General Info

GENERAL INFOS ABOUT TUNISIA:

 Area: 164, 000 km2

Littoral: 1, 300 km2

Climate:
In the North and along the coast: Mediterranean, semi-arid in the interior and the south

Average daily maximum:
57°F in January
73°F in April
89°F in August
79°F in October

Language: Arabic. (French which is taught in grade school is often spoken fluently and now English).

Religion: Muslims (98% population), Jews, Christians.

Population: 11 millions (2009) (37% of which are under 16)

G.N.P. per Inhabitant: US $2, 080 in 1996

Percentage of children in full time education: 96% of the 6 to 12 years old

Literacy Rate: 89.3%

Currency:
The Tunisian dinar TND (= approximately $1.4), divided into 1, 000 millimes.
The dinar may neither be imported nor exported. Exchanged locally by the banks or by exchange offices in the hotels and airports

Banks:
Banks close at 4:00pm on Friday, 2:30pm during Ramadan and at 13:00pm in July or August

Credit Cards: Eurocard, visa, American Express, Master card.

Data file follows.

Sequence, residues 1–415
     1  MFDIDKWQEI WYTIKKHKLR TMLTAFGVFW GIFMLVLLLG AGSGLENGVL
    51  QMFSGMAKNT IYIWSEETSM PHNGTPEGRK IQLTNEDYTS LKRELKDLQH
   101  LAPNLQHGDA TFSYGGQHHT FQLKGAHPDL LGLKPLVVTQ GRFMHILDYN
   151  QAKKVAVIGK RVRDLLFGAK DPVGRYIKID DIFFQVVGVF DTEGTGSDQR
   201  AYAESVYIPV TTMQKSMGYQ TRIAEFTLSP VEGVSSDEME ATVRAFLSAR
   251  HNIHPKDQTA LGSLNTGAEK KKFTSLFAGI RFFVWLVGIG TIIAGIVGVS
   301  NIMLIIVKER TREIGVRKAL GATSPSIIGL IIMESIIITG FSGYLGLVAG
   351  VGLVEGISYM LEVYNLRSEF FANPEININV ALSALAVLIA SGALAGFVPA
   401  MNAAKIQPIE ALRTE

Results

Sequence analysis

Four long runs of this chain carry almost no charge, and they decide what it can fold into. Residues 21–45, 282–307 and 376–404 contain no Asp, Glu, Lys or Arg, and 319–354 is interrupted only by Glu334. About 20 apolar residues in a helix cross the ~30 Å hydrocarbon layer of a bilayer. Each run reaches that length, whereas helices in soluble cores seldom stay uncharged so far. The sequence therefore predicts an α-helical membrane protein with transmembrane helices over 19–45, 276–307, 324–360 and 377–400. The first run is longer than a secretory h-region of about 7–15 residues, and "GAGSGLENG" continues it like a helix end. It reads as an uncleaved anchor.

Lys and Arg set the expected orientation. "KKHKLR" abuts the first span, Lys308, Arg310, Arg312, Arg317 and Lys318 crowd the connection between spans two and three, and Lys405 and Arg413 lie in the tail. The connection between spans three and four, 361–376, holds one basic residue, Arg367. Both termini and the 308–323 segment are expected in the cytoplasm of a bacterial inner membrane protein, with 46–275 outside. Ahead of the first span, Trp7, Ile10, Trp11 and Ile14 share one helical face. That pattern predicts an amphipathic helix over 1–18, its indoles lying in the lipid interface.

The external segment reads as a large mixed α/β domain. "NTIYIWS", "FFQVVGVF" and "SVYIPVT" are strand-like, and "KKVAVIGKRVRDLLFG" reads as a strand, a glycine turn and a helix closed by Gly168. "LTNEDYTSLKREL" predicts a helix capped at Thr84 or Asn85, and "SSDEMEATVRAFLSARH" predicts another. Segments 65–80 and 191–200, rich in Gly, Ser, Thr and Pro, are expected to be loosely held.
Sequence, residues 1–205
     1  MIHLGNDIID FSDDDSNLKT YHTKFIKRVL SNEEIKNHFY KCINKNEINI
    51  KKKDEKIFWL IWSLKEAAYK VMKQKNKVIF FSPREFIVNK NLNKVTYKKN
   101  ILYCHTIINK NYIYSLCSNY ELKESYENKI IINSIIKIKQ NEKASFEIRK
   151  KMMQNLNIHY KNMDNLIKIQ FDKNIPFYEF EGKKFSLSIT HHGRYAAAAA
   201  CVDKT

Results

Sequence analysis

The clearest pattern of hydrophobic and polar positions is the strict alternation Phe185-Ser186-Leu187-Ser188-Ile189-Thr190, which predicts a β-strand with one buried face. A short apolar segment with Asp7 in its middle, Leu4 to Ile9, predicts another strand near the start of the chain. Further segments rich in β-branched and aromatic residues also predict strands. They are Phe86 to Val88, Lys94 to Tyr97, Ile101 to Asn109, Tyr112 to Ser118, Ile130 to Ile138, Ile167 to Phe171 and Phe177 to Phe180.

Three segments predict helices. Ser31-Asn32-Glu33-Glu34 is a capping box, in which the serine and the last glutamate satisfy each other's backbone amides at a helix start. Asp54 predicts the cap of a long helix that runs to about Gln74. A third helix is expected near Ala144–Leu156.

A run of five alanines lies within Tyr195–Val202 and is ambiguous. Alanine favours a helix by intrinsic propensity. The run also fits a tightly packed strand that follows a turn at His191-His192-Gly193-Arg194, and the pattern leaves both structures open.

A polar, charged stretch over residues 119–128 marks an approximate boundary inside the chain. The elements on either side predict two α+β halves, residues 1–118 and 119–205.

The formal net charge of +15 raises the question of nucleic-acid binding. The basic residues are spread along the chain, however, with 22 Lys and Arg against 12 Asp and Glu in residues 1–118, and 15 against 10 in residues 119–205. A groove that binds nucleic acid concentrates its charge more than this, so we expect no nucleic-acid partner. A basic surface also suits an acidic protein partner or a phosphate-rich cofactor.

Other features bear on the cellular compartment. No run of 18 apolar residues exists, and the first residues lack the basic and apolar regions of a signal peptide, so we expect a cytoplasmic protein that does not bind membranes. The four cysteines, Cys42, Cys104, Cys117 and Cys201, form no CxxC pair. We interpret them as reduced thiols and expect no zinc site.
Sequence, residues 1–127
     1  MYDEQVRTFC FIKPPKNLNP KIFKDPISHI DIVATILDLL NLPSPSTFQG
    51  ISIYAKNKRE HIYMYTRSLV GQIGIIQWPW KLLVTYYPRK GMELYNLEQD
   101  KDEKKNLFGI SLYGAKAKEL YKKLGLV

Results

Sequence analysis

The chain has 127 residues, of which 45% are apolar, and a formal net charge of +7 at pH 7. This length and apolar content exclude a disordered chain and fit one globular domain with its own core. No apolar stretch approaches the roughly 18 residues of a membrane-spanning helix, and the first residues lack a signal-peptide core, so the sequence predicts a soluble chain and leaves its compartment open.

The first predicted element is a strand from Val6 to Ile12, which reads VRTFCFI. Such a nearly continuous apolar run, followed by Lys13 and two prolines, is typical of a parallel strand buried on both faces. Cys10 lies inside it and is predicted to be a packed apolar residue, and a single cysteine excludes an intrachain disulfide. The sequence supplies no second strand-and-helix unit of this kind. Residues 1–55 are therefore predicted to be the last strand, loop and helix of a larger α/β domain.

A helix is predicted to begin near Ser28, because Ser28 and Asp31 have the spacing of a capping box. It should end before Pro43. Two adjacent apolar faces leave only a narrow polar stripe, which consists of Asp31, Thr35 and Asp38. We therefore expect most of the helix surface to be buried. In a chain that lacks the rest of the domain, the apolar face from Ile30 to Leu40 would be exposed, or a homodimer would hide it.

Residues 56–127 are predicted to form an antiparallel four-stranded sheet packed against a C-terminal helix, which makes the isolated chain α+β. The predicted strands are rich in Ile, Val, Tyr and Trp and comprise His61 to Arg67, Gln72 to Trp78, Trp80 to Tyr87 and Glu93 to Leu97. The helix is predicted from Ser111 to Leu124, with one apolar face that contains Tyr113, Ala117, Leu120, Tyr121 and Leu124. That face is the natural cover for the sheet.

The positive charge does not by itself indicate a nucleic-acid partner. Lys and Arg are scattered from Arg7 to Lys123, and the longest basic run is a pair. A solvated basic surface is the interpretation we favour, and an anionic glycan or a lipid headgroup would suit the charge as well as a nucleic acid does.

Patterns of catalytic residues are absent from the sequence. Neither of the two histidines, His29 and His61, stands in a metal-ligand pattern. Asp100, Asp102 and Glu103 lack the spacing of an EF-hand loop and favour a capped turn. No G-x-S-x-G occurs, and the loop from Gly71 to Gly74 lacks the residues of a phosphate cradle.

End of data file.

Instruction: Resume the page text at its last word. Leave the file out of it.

Weekly Days Off:
Saturday afternoon and Sunday (as well as Friday afternoon for the administrations).

Museums: Most Are closed on Monday.

Time:  GMT +1.

International Telephone: Country Code 00216 + area code (1 digit) + number (6 digits).

Voltage: 220V

Airports: International airports in Tunis, Monastir, Enfida ,Jerba, Sfax, Tozeur and Tabarka

Commercial Ports: Tunis-La Goulette from Marseille (22 hour crossing) or Genoa, Sousse, Gabes and Sfax.

Access to the Saharian Zones: Strictly in groups and convoys. Inform the National Guard prior to departure

Legendary Horses
Small but tireless, lively but docile, ungainly but fast, the Barb horse is a highly appreciated breed from time immemorial. Carthaginians, Romans and Byzantines valued this horse native to the Berber country, perfectly adapted to the arid regions. Splendid mosaics in the Tunisian museums bear witness to that fact. They may well be the Tunisian horses that the first Moslems who set foot on the African soil adopted and which led them as far as Spain.

Arabian, Barb and Arabo-Barb horses are bred in Tunisia today.